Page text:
Leon Trotsky – a revolutionary’s life
By Joshua Rubenstein
Pubs. Yale University Press
Trotsky was a man much traduced, and his reputation has not been enhanced by the ideas and actions of many of his devoted followers. This new biography, in the series Jewish Lives, is written neither by an admirer and follower like Deutscher nor by a denigrator like Robert Service. It is a view very much coloured, as the series indicates, by the idea of ‘Jewishness’ and a Jewish self-understanding, but manages to give a fairly objective and useful, if very brief, portrait.
Trotsky was a tragic figure of mythical proportions. A dedicated – one could say fanatical – devotee of the ideas of Marx and the Russian revolution, which consumed his whole life. He was persecuted unmercifully by Stalin, who had all his immediate family killed, alongside his many associates and former comrades.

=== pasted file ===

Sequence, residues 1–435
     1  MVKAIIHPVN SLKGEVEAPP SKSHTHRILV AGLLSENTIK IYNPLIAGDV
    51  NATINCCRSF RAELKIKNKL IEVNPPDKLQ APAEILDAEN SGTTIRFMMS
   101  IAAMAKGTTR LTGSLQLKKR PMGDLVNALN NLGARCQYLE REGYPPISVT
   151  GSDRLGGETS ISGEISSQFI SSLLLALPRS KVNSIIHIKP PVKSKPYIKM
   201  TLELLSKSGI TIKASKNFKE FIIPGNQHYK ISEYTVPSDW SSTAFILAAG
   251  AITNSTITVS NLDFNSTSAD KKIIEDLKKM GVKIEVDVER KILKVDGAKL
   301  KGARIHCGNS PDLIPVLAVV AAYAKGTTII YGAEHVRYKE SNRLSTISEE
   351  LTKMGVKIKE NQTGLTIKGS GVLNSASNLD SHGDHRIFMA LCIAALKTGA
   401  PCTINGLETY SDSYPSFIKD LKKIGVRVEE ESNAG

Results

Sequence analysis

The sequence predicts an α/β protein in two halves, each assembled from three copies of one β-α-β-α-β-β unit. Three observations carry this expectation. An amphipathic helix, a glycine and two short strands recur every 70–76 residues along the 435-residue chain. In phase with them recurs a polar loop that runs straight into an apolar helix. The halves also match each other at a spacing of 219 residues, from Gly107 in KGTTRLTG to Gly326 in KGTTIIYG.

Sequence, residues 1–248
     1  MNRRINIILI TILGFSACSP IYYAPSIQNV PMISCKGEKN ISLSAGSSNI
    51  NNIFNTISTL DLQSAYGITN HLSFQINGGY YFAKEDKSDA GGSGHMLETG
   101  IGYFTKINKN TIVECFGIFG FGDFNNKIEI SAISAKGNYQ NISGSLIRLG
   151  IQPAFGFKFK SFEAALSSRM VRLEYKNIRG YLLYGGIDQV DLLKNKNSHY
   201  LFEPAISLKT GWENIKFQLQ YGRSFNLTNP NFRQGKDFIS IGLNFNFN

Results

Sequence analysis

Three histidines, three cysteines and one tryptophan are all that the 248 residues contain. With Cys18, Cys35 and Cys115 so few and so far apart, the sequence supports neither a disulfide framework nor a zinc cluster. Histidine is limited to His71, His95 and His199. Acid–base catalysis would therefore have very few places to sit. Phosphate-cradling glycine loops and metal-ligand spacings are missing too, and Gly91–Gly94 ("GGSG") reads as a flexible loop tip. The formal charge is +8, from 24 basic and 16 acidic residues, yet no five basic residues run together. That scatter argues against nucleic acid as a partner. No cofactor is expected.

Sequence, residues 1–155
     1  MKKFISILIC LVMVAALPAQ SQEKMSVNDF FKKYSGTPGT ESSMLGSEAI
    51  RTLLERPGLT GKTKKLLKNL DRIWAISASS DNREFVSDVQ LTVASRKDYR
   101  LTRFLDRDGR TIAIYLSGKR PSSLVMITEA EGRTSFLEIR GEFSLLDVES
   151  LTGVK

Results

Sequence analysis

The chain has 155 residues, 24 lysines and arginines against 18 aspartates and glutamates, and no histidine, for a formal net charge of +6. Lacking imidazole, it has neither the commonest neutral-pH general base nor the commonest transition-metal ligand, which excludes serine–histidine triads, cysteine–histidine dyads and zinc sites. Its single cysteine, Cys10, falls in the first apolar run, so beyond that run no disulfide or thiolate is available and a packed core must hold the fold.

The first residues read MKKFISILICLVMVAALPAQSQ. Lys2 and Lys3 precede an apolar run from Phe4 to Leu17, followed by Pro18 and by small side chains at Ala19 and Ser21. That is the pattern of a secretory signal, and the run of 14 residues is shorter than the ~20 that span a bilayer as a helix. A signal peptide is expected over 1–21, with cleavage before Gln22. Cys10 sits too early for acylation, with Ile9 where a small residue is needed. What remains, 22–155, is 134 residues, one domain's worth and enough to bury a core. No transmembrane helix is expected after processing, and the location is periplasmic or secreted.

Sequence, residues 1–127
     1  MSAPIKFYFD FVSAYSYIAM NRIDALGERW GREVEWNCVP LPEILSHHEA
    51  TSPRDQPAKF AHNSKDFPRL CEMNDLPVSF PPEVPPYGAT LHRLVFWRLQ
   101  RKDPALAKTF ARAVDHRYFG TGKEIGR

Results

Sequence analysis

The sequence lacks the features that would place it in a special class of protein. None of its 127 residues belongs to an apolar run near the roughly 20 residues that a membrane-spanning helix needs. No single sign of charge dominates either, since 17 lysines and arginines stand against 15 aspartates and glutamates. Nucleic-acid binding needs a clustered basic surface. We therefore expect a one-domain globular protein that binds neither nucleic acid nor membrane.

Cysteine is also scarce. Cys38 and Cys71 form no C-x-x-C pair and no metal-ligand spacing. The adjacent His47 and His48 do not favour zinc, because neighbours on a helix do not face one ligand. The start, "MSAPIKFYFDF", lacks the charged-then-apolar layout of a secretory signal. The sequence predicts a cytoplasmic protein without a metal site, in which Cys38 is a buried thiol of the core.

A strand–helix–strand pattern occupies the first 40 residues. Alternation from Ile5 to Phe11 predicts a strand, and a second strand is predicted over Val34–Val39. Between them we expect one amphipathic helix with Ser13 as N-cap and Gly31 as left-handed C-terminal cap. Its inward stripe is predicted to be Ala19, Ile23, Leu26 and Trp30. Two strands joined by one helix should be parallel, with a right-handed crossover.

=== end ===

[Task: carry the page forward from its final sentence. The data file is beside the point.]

Once expelled from the Soviet Union, Trotsky’s intransigence and unremitting calls for world revolution left him marooned in a no-mans-land without safe refuge.
Alongside Lenin, he was indisputably the most capable and influential figure of the Bolshevik revolution. He was broadly educated, an eloquent writer and magnetic speaker. Ironically Stalin, after Lenin’s death, was able to outmanoeuvre and sideline him because of his lack of ambition and refusal to conspire or join in political intrigues. While he undoubtedly had serious flaws in his character and could be just as callous as Stalin if he felt it furthered the ends of the revolution, he was a selfless and dedicated revolutionary.
In retrospect it beggars belief that such a key figure could have been reduced to a pathetic and isolated renegade in such a short space of time and that Stalin’s clever propaganda machine was able to convince not only communist parties throughout the world, but also many leading liberals and left-wingers that Trotsky was a malevolent cancer in the international communist movement. As this book reveals, this denigration was facilitated by a virulent and entrenched anti-Semitism in Eastern Europe as well as by its more genteel form in the West.